When this film came out in 2006, it had a lot going against it. Only five years had passed since 9/11, and many people said it was too soon for Hollywood to touch this history. Director Oliver Stone, famous for conspiracy-driven, pessimistic movies like JFK, Natural Born Killers, and Platoon, seemed a terrible choice to approach this tender nerve. Nicholas Cage was…well, Nicolas Cage, a once Oscar-winning actor whose career was well on its way to becoming the punchline it is today. And yet, somehow, not only were the worst fears not realized, but the exact opposite occurred.
Cage, for once not just showing up for a paycheck, pours his heart and soul into the project and totally disappears into the real-life character of NYPD sergeant John McLoughlin, giving his finest performance in years. Stone reigns in his regular style and delivers instead an uplifting tribute to the brave souls who offered their lives to save others. Yes, you read that right; though World Trade Center focuses on the darkest day in American history, it is an uplifting, patriotic, faith-affirming work. As film critic Richard Roeper said: “There’s much discussion about whether audiences are ‘ready’ to see a mainstream movie about the events of 9/11… That’s your choice, but you’ll be missing one of the best films of the year.”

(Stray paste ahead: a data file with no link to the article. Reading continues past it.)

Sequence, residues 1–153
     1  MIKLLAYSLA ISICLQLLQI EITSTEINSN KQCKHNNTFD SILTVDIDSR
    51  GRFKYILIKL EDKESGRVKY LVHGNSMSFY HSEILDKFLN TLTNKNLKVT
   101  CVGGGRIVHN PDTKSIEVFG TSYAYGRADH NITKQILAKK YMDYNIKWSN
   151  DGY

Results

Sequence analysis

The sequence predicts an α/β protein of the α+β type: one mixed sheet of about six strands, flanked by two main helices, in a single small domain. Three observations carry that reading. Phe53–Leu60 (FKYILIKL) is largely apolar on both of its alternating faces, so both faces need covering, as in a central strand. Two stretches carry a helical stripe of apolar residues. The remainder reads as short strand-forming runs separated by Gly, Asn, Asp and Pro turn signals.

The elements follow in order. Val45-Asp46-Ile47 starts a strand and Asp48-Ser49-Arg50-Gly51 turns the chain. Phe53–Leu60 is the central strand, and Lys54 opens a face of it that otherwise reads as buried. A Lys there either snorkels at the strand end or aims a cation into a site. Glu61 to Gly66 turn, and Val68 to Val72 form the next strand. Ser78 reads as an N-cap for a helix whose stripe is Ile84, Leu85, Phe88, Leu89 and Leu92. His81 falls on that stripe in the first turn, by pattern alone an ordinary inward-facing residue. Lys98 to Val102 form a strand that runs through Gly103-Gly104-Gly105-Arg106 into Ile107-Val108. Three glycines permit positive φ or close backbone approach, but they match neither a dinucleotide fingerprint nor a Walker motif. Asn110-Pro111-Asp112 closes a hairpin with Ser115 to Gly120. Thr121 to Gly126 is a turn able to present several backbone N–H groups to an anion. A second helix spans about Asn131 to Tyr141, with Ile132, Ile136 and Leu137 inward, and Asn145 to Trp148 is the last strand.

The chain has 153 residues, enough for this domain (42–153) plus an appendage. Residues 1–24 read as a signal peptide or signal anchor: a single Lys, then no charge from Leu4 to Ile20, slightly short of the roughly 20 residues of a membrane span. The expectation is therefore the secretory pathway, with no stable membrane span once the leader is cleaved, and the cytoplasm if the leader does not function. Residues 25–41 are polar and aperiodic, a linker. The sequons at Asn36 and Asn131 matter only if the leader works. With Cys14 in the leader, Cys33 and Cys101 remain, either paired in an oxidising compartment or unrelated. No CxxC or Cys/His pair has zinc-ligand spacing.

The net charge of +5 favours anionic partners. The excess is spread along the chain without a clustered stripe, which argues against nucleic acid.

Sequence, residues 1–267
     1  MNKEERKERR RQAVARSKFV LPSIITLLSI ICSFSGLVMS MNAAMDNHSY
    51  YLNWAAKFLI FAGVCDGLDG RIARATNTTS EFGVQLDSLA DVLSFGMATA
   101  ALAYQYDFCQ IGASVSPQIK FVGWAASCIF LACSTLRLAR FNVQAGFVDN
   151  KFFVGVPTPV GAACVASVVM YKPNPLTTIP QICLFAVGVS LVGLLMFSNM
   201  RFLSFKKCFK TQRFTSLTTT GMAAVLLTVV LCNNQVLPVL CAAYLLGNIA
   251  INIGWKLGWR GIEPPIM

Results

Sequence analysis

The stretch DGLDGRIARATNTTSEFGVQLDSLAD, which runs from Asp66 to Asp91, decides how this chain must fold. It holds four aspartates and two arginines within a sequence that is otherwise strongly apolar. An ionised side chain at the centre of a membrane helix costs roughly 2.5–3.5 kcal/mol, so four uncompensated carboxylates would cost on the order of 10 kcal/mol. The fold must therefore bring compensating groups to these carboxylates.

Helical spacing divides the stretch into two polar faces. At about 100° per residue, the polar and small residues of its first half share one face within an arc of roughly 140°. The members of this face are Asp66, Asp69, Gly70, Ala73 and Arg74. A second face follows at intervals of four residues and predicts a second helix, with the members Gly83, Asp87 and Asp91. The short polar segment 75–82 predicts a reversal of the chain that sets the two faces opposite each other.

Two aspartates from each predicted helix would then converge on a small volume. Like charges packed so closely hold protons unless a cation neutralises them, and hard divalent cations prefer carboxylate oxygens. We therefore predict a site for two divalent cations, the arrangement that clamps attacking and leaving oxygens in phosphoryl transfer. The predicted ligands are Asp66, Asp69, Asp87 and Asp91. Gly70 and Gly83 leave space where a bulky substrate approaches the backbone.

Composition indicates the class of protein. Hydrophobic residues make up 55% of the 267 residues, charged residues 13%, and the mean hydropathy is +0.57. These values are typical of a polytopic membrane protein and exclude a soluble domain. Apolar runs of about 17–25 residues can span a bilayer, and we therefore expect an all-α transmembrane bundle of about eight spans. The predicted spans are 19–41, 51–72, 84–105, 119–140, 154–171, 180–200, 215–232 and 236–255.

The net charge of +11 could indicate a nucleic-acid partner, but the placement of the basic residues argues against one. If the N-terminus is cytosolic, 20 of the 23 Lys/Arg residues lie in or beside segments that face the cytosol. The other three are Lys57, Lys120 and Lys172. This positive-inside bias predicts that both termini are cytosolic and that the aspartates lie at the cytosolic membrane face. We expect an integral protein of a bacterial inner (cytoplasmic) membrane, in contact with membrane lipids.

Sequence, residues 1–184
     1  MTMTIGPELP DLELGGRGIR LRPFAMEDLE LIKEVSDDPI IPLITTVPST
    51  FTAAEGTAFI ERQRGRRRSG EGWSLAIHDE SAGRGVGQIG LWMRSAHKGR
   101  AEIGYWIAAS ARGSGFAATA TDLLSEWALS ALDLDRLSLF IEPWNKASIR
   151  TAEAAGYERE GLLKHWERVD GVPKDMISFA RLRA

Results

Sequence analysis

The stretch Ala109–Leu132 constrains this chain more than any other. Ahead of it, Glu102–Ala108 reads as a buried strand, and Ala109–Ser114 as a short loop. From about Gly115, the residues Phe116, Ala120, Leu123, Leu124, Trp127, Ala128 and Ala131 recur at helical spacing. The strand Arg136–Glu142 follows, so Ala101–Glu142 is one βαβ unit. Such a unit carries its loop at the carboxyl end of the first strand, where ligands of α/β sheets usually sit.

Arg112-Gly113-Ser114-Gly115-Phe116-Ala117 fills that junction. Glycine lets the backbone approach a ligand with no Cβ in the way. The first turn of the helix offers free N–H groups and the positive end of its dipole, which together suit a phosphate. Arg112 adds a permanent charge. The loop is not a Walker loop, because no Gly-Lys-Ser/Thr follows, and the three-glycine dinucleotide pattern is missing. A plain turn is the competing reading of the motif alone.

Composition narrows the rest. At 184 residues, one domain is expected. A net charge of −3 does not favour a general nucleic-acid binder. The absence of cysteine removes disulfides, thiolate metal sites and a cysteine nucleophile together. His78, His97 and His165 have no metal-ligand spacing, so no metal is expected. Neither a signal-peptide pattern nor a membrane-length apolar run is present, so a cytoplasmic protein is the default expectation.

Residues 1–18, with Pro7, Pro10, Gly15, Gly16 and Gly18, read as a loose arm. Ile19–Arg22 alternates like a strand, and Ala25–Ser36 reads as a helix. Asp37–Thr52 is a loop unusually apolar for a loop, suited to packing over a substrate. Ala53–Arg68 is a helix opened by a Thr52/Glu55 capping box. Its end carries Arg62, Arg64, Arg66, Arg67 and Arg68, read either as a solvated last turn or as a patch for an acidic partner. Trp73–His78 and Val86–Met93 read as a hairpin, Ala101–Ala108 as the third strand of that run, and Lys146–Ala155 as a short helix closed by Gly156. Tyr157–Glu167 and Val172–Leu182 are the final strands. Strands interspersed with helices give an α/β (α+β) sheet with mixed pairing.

Michael Pena, as real-life officer Will Jimeno, gives a tremendously moving performance, as does Maria Bello and Maggie Gyllenhaal as the wives of the officers. Rather than use the tragedy as an opportunity to showcase flashy special effects (I’m looking at you, Michael Bay’s Pearl Harbor), Stone’s film instead takes a more restrained and respectful approach; what effects there are serve the story. World Trade Center doesn’t dwell on the horror or try to make it “cool;” it does, however, serve as an excellent way to remember that horrific day and honor those who were there.
If, as the 10th anniversary of the attacks approaches, you’re looking for a way to pay your respects and keep in remembrance the unity and faith of the nation during that period, you could hardly do better than this film. It can’t help but be bittersweet, but its positive emphasis on family ties, courage, patriotism, and faith in God is nothing short of inspiring. A must see. World Trade Center is rated PG-13. It contains traumatic moments involving 9/11, but isn’t bloody or gratuitous. A married couple is shown kissing and caressing in bed, but the moment is tender, not sexual. There are a handful of profanities, including one historically accurate use of the f-word (i.e. that’s what the character said in real-life at that moment).
The real John McLoughlin and Will Jimeno.